WSOP Main Event: Noch einmal Deutschland

wsop2009_thn.gifBack in the long forgotten hours of day 1a, we introduced you to a new European poker force. The players from Germany had made their way to Las Vegas clutching EPT titles, bundles of cash and a reputation as the players to fear on the international poker scene. We also cautioned that there were more of them to come. And today they have arrived. And then some.

We mentioned earlier about Franz Fischer. He was the PokerStars qualifier whose Lazarus-like climb from 725 chips before dinner to 25,000 shortly after earned him "Climber of the Hour" honours. But even Fischer would probably admit that his climb is small fry compared with that of Thomas "boku87" Boekhoff, who thousands of you are likely to know from the PokerStars sit and go tables. Boekoff set himself the challenge of turning $100 into $10,000 playing sit and goes on PokerStars with buy ins of between $1 and $12 only.

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Thomas "boku87" Boekhoff

As a man who plays a minimum of 20 tables at a time, he figured it was possible and gave himself a 14-day deadline to complete the challenge. He upped his volume, playing something like 50 tables at once for a couple of weeks and got the job done in 12 days. Easy peasy. Not to be idle, Boekoff has now set himself another challenge. When he gets back to his home in Osnerbrück from the World Series, he is intending to try to turn $5 into $100,000, playing the same levels. He's withdrawn the time limit aspect, but -- that would just be stupid -- but expect another burst of 50-table action at those low limits very soon.

Boekoff's countrymen Sebastian Ruthenberg and Ahmet Wuscher are also worth a mention. Ruthenberg, a founder member of Team PokerStars Germany Pro (back when he and his compadres were known as ShootingStars), Ruthenberg had been cashing on the EPT for fun before he won his first bracelet in Vegas last summer. He came back to Europe soon after and picked up his first EPT title in the first event of season five, earning close to two million bucks for first place in Barcelona.

In between those high points, his Main Event was a rare blip and Ruthenberg bust within the first couple of levels. Today, he's playing considerably tighter, according to his followers on the PokerStars Blog Germany edition, in order to keep the dream alive slightly longer.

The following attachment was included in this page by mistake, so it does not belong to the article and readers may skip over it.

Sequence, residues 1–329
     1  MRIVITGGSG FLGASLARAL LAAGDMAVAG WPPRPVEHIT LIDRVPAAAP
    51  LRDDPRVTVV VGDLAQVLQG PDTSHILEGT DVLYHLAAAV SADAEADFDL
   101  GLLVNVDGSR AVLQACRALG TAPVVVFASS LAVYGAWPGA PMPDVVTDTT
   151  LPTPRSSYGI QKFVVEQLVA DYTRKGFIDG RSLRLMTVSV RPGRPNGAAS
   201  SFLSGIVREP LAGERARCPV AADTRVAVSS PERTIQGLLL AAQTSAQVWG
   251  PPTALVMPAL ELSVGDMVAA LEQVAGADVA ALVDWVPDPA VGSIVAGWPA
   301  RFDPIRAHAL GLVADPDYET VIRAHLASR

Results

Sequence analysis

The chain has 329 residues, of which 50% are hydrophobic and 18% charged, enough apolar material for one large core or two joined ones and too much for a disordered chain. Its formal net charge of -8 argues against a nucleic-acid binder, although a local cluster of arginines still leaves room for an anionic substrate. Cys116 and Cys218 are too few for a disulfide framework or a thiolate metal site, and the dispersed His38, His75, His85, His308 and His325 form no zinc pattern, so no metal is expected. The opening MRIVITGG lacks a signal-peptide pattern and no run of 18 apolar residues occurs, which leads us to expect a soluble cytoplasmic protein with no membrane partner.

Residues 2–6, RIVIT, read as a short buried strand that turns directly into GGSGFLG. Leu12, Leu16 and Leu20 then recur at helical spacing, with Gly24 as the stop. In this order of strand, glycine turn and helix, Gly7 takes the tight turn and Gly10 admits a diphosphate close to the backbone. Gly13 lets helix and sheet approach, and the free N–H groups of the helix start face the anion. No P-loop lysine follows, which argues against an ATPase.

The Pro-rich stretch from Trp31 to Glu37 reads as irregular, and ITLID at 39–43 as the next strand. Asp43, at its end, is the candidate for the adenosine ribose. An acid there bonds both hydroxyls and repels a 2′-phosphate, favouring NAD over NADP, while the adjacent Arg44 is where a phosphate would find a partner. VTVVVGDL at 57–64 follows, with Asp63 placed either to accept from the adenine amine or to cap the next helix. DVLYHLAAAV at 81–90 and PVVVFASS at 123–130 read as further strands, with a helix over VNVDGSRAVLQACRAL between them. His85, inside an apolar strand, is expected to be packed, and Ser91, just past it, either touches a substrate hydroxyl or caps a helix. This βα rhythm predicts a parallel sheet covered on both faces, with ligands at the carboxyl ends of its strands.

By contrast Wuscher, a PokerStars qualifier, has been all in already today. But if you're going to get all your chips in during the opening exchanges, it's great to be sitting with pocket nines, another nine on the flop and a final nine on the river. Especially good when your opponent has pocket aces. That was Wuscher's double up hand today, and he sits with something close to 40,000, the same as both Boekoff and Ruthenberg.

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"That's Gavin Griffin out," said a colleague on media row, glancing over at the Team PokerStars Pro with his bag slung across his chest, stood behind his seat, bidding farewell to his table-mates.

"Oh," said the same colleague, after a slight whoop from others watching and Griffin sitting silently down again.

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Gavin Griffin

A quick scamper across the room showed the dealer shoving the chips in Griffin's direction, past his exposed pocket tens. His single opponent's pocket queens were also in front of him, but the flop was telling: 2♦K♣Q♦A♥J♦, that jack on the river filling the straight to beat the set and sit Griffin back down.

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"I don't know. I don't count." -- PokerStars qualifier Steve Gahaghan, when asked exactly how many chips he had in his mounting stack. (He has comfortably more than 120,000.)

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FIGHT! magazine, read by Sebastian Ruthenberg in between, and sometimes during hands.

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Maridu makes it 1,000 from mid position and the player on the button calls. Joe Hachem, in the small blind, makes it 4,300 and shortly after winking at her adversary, maridu says: "Joe stop it. What are you doing?" as she calls. The player on the button folds and the flop comes 9♠6♠8♦, which prompts Hachem to bet 8,000. "That's soooo much," says Mayrinck. She thinks and then folds. "I wouldn't lie to you," says Hachem, showing her pocket kings. "Yeah, you're ahead," confesses the Brazilian, later saying she folded jacks.


"No ESPN. I'm only filmed when I'm losing." -- Mayrinck upon raking a pot


It was Mayrinck's big blind and the player under the gun plus one played it easy by limping into the pot with a single 500 chip. Two seats away, Joe Hachem tossed out three 100 chips.

"One more," said the dealer.
"Four hundred?" Hachem said over his mountain of chips. "I wouldn't have
called for 400."

He tossed in the extra black chip. A couple more limps and it was around Mayrinck, who offered a resigned, "Ooooookay," as she checked.

The flop came out 6♦T♥K♦ and the original limper bet 1,100. Hachem made the call and everybody else went away.

On the 4♠ turn, the man led into Hachem again, this time for 2,600. Again, Hachem called. The river, the Q♥, drew an immediate 5,100 bet and Hachem called with
barely a moment's hesitation. Over went the bettor's hand: T♦8♦. Hachem casually turned over K♠8♠.

Across the table, Mayrinck's mouth fell open like poker's version of Munch's "The Scream." It hung there for as long as we could watch.

Hachem stole glance at his opponent. "If the eight had come," he said, "we would've had fireworks."


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PokerStars ladies. From left to right: Hungary's Viktoria Szilasi, Becky Campbell, of the United States, and the ubiquitous Maria "There's no way I'm writing this much about her on day two" Mayrinck